This is an introduction to a statistical game, called the Poisson racing of Chicken, that analyzes the failing process of the game of Chicken.
Two players \(A\) and \(B\) compete while sharing the knowledge of a real parameter, called distance, \(D > 0\). Each player decides a positive real number, say \(\lambda_A\) and \(\lambda_B\). Then, sample \(x_A\) and \(x_B\) from independent Poisson variables of mean \(\lambda_A\) and of mean \(\lambda_B\), respectively. If \(x_A + x_B \leq D\), then \(A\) wins if \(x_A > x_B\); \(B\) wins if \(x_A < x_B\); ties otherwise. However, both lose if \(x_A + x_B > D\).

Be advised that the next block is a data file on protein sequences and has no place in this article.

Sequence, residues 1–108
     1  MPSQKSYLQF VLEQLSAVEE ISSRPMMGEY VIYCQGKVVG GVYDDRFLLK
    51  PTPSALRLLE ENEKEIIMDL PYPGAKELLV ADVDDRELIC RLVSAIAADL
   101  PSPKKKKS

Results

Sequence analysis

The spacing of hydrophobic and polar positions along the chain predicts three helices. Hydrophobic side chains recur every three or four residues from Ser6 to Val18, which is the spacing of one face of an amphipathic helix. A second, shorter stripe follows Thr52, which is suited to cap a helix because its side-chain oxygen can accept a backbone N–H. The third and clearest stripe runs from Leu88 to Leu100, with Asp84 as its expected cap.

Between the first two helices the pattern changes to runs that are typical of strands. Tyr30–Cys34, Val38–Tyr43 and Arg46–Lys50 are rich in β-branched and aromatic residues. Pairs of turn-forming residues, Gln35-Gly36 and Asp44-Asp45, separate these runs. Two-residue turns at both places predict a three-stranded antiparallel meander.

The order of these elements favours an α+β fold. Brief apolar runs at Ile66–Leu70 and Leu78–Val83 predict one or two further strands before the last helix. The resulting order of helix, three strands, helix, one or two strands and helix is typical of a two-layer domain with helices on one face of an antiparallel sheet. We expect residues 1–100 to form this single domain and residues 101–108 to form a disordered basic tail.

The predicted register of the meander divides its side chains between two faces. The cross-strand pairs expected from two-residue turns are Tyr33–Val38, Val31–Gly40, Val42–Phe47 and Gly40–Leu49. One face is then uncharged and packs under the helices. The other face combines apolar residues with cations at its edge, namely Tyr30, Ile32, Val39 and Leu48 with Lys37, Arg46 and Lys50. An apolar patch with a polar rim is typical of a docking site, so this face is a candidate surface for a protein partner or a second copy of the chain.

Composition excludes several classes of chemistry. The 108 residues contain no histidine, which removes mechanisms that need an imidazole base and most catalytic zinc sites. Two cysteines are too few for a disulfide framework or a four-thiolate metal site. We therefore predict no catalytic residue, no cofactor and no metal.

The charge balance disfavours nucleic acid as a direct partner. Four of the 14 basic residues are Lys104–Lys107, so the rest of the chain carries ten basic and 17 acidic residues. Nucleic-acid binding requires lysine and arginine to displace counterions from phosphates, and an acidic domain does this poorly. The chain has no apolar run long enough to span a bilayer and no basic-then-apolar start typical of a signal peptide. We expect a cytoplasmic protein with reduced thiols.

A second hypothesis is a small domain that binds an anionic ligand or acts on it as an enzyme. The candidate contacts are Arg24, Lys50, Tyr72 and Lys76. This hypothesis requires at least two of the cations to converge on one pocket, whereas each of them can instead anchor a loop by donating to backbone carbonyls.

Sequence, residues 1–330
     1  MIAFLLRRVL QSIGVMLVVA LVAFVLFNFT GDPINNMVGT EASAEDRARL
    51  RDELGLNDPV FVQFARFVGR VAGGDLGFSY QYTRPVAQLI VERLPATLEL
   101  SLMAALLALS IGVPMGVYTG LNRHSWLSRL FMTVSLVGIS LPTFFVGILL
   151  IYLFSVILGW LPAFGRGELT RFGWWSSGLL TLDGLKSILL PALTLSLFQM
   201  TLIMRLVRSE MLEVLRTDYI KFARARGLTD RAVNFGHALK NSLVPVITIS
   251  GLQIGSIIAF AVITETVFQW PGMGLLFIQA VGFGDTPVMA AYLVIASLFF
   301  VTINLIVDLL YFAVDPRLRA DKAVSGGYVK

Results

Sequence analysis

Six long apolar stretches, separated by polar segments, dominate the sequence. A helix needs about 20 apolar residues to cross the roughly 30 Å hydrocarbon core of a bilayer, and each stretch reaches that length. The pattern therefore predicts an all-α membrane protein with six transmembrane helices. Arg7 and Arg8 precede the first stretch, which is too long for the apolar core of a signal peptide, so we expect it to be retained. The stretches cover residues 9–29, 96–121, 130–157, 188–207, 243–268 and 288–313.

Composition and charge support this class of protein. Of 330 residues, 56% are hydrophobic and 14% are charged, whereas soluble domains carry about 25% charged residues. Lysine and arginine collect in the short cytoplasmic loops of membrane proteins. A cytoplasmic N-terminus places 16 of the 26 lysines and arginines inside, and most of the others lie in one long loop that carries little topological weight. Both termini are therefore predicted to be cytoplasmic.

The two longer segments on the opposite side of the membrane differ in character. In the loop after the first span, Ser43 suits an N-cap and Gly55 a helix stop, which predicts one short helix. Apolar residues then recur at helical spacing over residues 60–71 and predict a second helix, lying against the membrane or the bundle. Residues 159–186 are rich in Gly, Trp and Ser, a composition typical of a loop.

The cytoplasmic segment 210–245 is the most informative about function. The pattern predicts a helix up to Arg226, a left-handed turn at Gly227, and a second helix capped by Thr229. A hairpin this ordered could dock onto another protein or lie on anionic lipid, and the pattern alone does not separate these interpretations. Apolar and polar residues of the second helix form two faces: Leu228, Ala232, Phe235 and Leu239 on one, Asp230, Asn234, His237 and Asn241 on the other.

Because of symmetry, both players should have the same best strategy \(\lambda^*\) of choice.
\(\lambda^* \approx D/2\) is a correct, intuitive, yet doomed answer.
We have invented this game for pondering over a peaceful future. Imagine that the players are nuclear-weapon states which budget a stockpile of nuclear ammunition under no information of each other's but evaluating the opponent's amount of investment. It is also relevant to think about a repeated game in which the base game is the above racing of Chicken.